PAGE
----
• Emad Ibrahim Fandi et al Int. Journal of Engineering Research and Applications www.ijera.com ISSN: 2248-9622, Vol. 4, Issue 6(Version 2), June 2014, pp.30-36 www.ijera.com 31|P a g e and Sarir arms as shown in Fig. 2 within the basins (Ambrose, 2000) [9]. However the Early Cretaceous rifting reflected east-west sinistral shear zones (strike-slip) that strongly controlled clastic deposition in the Sarir arm (Anketell, 1996) [10]. III. LITHOLOGY Originally proposed the name Gargaf Group to include a thick sandstone sequence in the JabalGargaf area of the Fezzan. This sequence was subdivided into four formations (from bottom to top), Hassaouna Formation, Haouaz Formation, MelezChograne Formation and Memouniat Formation. The type section was designated from igneous basement on JabalGargaf (JabalHassaouna: 28° 15' N; 14° 00' E) to the Silurian (Gothlandian) outcrops at AouinetQuenine (28° 20' N; 12° 55' E) and Bir al Gasr (27° 30' N; 12° 55' E). Fig. 1: Geographical location map shows sedimentary basins (after Clifford, 1986) [5]. In the Dahra- Hofra area and other portions of the western Sirt Basin, this thick sequence of quartz sandstones and quartzites has been assigned to the newly defined Hofra Formation. The Hofra Formation is included in the Gargaf Group, but its relationship to the surface formationsof this group is uncertain Gargaf Group Formation comprises primarily a sequence of relatively clean quartz sandstones with minor amounts of shale, siltstone, and conglomerates. The sandstones are normally white to light gray in color, firmly cemented with silica, very often to the point of becoming orthoquartzites. Quartz overgrowths are common. The shales and siltstones occur throughout in thin beds and laminae and are gray to brown-gray and green rarely red in color, micaceous to very micaceous, varying from blocky to fissile, and sometimes soft, waxy and lustrous. The dominant colors are white to light gray. However, varicolored sandstones or orthoquartzites do exist in the sequence. These are red, often hematitic, and yellow and green and the Gargaf Group derives its name from JabalGargaf where the lower portion of its type section is located [11]. The classification of Grgaf Group Formation from fractured and brecciated Cambro-Ordovician aged Gargaf quartzite located at the crest of a NNE- SSW trending horst [12]. IV. TREATMENT TIMING Well stimulations may be carried out immediately after the initial drilling/completion programme has been finalised e.g. to correct formation permeability impairment caused by the drilling mud.The stimulation candidate may be identified as a result of routine, field production surveillance e.g. the well is identified as producing less than the surrounding wells with comparable reservoir quality or reservoir permeability thickness (kh). V. MATERIAL AND METHODS The Chemistry of a sandstone completion Acid (SCA) treatment with additives and diversion success for treatment the Grgaf Group Formation, how the impairment, formation clays and inter-granular cements are removed and partially replaced by secondary reaction products. However, there is an overall increase in porosity and permeability, leading to stimulation. By applying chemical knowledge to stimulate petroleum wells, we can increase the rate of oil & gas production. A pre-flush is pumped to flush out any undesirable minerals/fluids in the Grgaf Formation. This is followed by the SCA itself; followed to push the spent SCA back into the formation and away from the near-wellbore region to push any potential damage as far away from the well as is practical. A. Pickling Treatment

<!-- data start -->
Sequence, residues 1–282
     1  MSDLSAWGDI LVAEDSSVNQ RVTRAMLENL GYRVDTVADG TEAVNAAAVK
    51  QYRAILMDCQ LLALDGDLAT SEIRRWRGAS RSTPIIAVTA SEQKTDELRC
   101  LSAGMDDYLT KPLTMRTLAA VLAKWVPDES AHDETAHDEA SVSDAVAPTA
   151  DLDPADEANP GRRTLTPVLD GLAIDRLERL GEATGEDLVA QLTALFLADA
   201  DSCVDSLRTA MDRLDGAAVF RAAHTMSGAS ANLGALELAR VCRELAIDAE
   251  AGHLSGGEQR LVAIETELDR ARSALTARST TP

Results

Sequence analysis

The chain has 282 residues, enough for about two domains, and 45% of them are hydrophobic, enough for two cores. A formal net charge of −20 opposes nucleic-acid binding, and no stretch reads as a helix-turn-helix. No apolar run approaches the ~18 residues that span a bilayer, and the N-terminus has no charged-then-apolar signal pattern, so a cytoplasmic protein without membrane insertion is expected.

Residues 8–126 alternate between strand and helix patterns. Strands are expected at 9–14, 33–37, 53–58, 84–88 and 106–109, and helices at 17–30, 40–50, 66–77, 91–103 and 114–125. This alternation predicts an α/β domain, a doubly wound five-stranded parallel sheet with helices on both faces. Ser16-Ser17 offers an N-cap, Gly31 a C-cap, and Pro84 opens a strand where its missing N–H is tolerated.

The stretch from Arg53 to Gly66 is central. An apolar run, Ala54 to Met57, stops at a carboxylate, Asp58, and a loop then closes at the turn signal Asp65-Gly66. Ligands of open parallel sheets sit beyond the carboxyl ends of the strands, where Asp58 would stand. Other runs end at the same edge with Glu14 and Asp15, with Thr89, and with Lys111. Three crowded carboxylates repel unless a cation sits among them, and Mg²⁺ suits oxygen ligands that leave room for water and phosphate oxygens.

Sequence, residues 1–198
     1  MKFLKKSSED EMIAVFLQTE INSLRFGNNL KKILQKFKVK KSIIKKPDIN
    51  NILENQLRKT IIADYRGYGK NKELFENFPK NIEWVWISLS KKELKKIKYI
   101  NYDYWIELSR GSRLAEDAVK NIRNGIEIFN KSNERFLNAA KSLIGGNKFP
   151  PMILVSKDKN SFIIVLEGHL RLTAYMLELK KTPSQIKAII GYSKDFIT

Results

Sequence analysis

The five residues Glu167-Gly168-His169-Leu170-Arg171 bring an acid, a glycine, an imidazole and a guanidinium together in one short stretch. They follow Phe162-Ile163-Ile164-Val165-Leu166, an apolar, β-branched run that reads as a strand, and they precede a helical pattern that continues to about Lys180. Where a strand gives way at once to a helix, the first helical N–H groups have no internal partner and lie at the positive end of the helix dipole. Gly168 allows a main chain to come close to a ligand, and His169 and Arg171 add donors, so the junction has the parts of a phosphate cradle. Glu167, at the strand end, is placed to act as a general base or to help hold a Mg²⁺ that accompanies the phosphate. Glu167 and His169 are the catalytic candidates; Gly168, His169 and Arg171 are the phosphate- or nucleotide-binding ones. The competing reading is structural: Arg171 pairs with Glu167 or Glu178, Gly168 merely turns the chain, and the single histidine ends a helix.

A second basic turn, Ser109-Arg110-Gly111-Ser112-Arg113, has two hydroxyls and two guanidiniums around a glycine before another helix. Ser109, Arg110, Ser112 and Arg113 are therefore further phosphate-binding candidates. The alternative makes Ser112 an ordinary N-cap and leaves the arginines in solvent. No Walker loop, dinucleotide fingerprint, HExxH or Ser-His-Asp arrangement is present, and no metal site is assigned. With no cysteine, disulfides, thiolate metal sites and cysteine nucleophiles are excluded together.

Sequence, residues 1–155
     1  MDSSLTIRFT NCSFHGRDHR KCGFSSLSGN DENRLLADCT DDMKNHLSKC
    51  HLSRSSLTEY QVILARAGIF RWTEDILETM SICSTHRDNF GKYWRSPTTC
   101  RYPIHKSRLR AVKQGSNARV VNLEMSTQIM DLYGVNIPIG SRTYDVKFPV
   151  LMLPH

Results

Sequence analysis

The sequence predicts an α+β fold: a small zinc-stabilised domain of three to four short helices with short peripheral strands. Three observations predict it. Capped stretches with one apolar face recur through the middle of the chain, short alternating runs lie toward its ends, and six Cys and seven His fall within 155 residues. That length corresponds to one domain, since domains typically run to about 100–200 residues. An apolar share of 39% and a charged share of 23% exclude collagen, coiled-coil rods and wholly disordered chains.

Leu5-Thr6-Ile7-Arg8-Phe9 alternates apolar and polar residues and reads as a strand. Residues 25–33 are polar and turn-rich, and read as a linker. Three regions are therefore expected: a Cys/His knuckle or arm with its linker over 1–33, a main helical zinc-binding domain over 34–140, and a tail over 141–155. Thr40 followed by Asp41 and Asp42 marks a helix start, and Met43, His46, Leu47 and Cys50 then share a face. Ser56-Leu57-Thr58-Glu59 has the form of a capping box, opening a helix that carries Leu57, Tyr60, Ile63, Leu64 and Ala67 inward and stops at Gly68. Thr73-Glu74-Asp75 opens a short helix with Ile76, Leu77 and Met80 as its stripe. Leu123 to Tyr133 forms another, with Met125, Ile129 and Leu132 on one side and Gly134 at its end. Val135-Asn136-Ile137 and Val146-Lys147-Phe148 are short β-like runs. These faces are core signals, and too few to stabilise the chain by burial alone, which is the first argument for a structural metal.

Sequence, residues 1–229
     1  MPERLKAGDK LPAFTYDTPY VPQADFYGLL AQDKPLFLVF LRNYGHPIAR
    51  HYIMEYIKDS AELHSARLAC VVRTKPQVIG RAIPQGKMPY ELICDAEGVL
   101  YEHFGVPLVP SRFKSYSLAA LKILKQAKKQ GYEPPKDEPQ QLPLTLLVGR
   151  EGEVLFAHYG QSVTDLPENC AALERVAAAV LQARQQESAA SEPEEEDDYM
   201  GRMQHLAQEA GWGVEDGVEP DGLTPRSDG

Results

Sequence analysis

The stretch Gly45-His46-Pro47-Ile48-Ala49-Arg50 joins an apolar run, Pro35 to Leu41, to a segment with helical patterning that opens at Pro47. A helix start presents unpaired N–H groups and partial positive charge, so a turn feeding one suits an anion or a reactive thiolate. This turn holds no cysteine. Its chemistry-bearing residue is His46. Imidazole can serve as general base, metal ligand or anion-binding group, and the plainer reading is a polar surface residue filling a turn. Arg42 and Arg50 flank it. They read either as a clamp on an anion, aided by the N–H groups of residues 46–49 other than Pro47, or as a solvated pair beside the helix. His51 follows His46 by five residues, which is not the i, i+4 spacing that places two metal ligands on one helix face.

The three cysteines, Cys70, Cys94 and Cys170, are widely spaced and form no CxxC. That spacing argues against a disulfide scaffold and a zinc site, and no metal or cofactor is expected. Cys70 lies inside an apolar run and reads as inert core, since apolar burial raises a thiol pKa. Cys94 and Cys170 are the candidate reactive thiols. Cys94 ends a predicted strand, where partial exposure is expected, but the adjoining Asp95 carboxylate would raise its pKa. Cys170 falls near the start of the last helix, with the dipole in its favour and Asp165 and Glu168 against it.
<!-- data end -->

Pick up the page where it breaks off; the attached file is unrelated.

• Emad Ibrahim Fandi et al Int. Journal of Engineering Research and Applications www.ijera.com ISSN: 2248-9622, Vol. 4, Issue 6(Version 2), June 2014, pp.30-36 www.ijera.com 32|P a g e Lots of theory on this issue from side the volume, concentration, and cost that it implemented 200 gal of 15% HCL in order to prevent potential iron sludging (tubing) problems by removing loss iron. B. Sandstone Completion Acid ( SCA) Provides maximum dissolving power without secondary precipitation, prevents aluminum precipitation, and is the fluid of choice when mineralogy is unknown. This fluid is compatible with a majority of formations and will probably be used for acidizing most sandstone formations. The exceptions include formations high in feldspars, particularly at temperatures below 200 ºF and formations containing HCl sensitive minerals [13]. C. Primary Advantages of SCA Contains high HCl-HF ratio to provide compatibility with most formation mineralogist. Exceptions include formations high in feldspars, particularly at temperatures below 200°F and formations containing "HCl-sensitive" minerals. Contains ALCHEK to prevent secondary precipitation of aluminum. This is particularly important when the mineralogy is unknown or the formation contains high carbonate streaks or more than 5% carbonates[13]. D. Data Acquisition InSite for Stimulation is RealTime Stimulation Data Acquisition System based on the InSite Core and InSite for Stimulation software products. For the Production Enhancement, InSite for Stimulation is the primary data acquisition module used in the workflow process. This workflow process is aligned with steps of the HMS (Halliburton Management System), which documents the processes that are involved. The workflow at this level is more detailed than the HMS processes, so more steps and processes are necessary than at the higher level view of HMS [14]. E. Halliburton Pumping Unit& Fluid Transport trailers Pump unit is capable of blending on pumping to the wellhead with maximum pressure and maximum rate. Since the control and data measurement is essential to Acidizing operation otherwise Halliburton Fluid transport Trailer each 6200 gal that it used in the job of sandstone Acid treatment with additives and diverter [15]. Fig. 2: Stratigraphic section in central sirte basin (Sirte and Tibesti arms Ahibrandt, 2001) [8]. F. Total treatment volume The treatment actually pumped consisted of:  7392 gal of Treated Water  200 gal of 15% HCL Acid Pickling.  2000 gal of 15% HCL Acid with 5% Clay Fix – (Pre- Flush).  6000 gal of SCA System – (Main Treatment).  2000 gal of 15% HCL Acid with 5% Clay Fix – (Over- Flush).  3000 gal of Diverter Guidon System. VI. EXECUTIVE SUMMARY